By Dr. Ken
Although Kansas State was literally the bottom of the barrel in the Big Eight Conference, finishing in the cellar four out of five years going into 1965, they were seen as "big time" to many UC athletes. Even while playing a schedule that was tough, demanding, and included a number of nationally ranked or known teams, any time there was an opponent from one of the major conferences or a major independent coming up, there was a general feeling that their athletes were perhaps a bit more talented or they were tougher because their level of competition was a notch higher. This is probably the case at almost every mid-level program that has a few games each year where they have to "rise up." Cincinnati brought this to ridiculous heights in the mid-1980's when Mike McGee was the Athletic Director. Just as UC was a stepping stone for coaches, a number of Athletic Directors also seemed to use the Bearcats as a means to a better job, one with more prestige, more pay, and more national notice. Cincinnati served as the homecoming game or an early non-conference opponent for the likes of Auburn, Florida, Alabama, Penn State, Miami, and West Virginia. West Virginia perhaps could be considered a natural rivalry as the schools are not far apart and often competed for the same athletes in the Steubenville and southern Ohio region but the others? It was strictly for the money and after two games against that level of opponent, the injury rate was such that the team could barely compete successfully against schools it should have faced on even keel the remainder of the season. Kansas State was in the Big Eight and that was very much the "major show" but it was a team bereft of stars and success and thus, and equivalent opponent.
When Doug Weaver became yet another in the long line of K-State coaches, I'm sure he saw a way to find success but his seven year record between 1960 and 1966 was a terrible 8-60-1 and in truth, it was not very much worse than previous regimes at Kansas State. Weaver was used to success, starring as a center on Michigan State's great early 1950's teams, one of which was given careful consideration for the national championship. He served as an assistant on Duffy Daugherty's staff at his alma mater and then took on the K-State position. They had difficulty overcoming the advantages of Oklahoma, Kansas, and Colorado, were difficult to travel to, and just didn't have the tradition to recruit the best athletes in their conference. They got bombed with Weaver going 0-10 in 1965 and 0-9-1 in 1966. When they hung him in effigy, he quipped, "I'm glad it happened in front of the library. I've always emphasized scholarship." We beat them both years although Cornelius Davis shredded us for 172 yards rushing in 1966, flashing past everyone in his royal purple jersey and white pants. As "royal purple" was the only official school color, this left each coach to interpret the "trim" color as they wished. The K-State helmets in '65 were white with a purple stripe and purple block numerals on each side. In 1966, they went to an off-set "K-State" logo in purple on the same white shell, with a large "K" above the word "State". With the purple stripe and purple trim on white pants, or the away jersey of white with purple numbers, I thought they had a very sharp uniform. Receiver Dave Jones, linebacker Danny Lankas, and Davis were excellent players, Lankas' #33 was all over the field against us, earning him a place on the 1966 All-Opponent team. K-State just didn't have enough good players to sustain a record of consistent winning in a tough conference. When Kansas State and Kansas squared off in their annual in-state battle, one of the most underrated rivalries in college football, one of the most aspects of the 1966 game was that the K-State fans were rooting for Kansas so that Weaver would be fired (he would after the game) and the Kansas fans were rooting for their rivals so that their coach, Jack Mitchell would be fired. The 3-3 tie resulted in both coaches being relieved of their duties. Weaver was replaced by Vince Gibson who instituted his "Purple Pride" campaign which resulted in a few more wins during his tenure than Weaver had and a great purple helmet. Weaver landed on his feet ironically as an assistant the next two years on the Kansas staff of Pepper Rogers in 1967 and '68 and later became Athletic Director at Michigan State after leading the football program at Southern Illinois. The Michigan State indoor football facility is named after Coach Weaver, a fitting tribute from his alma mater.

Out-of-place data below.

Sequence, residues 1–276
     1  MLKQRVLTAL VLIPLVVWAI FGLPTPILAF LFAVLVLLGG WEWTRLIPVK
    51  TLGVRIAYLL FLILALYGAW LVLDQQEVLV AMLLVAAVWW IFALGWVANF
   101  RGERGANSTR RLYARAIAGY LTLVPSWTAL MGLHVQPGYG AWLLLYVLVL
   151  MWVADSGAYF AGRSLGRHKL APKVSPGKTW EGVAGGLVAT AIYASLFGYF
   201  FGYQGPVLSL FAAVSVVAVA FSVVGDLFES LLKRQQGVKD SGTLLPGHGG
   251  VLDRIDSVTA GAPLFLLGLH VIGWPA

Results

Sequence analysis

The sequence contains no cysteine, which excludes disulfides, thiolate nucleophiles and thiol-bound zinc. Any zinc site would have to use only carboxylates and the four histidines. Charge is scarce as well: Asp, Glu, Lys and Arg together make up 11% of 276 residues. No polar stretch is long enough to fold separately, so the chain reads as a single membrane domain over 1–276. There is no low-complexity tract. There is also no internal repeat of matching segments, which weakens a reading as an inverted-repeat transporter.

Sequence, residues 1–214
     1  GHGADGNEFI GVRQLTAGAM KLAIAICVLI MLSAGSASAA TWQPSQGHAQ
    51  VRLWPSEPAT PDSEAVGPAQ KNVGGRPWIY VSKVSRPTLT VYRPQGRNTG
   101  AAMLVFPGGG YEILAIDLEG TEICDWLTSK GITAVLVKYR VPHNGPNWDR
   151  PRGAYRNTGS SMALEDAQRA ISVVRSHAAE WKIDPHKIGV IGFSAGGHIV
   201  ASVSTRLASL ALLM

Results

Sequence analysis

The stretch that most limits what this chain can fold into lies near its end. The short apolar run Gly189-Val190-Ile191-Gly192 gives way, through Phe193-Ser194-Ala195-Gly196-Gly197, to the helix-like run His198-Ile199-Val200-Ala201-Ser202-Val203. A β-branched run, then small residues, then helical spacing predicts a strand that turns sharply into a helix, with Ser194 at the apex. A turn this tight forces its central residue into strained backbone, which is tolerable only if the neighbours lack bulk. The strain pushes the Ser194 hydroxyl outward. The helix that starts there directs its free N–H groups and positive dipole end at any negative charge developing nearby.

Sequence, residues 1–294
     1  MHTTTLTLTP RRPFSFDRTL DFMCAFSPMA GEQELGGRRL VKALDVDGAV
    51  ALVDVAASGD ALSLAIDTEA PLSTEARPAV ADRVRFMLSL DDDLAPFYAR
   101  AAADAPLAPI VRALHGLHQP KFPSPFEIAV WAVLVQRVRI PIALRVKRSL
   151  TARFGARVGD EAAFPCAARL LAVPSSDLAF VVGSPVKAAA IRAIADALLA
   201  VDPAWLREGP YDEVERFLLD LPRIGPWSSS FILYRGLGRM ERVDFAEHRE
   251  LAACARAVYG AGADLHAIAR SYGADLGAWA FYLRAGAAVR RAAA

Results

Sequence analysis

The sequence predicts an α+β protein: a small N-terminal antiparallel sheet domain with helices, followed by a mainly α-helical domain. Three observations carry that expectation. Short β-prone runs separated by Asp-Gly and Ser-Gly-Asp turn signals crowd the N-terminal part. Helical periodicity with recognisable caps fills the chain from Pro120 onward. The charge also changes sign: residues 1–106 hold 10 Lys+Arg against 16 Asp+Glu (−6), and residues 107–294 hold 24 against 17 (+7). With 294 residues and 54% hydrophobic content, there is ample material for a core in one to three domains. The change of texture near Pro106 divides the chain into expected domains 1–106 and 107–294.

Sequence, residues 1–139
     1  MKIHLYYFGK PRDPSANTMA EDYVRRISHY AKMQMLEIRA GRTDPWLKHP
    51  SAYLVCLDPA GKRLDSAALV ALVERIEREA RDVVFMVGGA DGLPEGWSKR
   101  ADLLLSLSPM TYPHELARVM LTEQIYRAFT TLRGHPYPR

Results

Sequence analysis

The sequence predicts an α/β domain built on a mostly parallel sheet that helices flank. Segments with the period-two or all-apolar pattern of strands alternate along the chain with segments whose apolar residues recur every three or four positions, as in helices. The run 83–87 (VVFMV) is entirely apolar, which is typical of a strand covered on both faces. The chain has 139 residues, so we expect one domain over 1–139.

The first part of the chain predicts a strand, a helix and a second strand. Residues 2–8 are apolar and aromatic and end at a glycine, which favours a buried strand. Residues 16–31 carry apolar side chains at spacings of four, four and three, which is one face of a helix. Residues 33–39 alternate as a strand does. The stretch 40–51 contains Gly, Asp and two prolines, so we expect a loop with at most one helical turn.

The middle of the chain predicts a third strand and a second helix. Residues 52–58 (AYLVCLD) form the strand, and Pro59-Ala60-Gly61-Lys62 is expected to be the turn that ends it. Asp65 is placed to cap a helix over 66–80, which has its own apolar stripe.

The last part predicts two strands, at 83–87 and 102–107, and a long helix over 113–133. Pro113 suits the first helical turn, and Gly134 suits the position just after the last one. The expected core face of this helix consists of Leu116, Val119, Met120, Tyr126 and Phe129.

Kansas State's fortunes were revived with the arrival of Bill Snyder who was hired on November 30, 1988 for the 1989 season. His genius turned around a program that had a number of the "top ten" losing streaks of all time in college football and under his tutelage, K-State became one of the midwest's powerhouse teams. He also commissioned the development of what became the "Powercat" logo which is now synonymous with high caliber, winning football. Coach Snyder announced his retirement but a few weeks ago but he leaves the infrastructure of the program as one of the best in the country.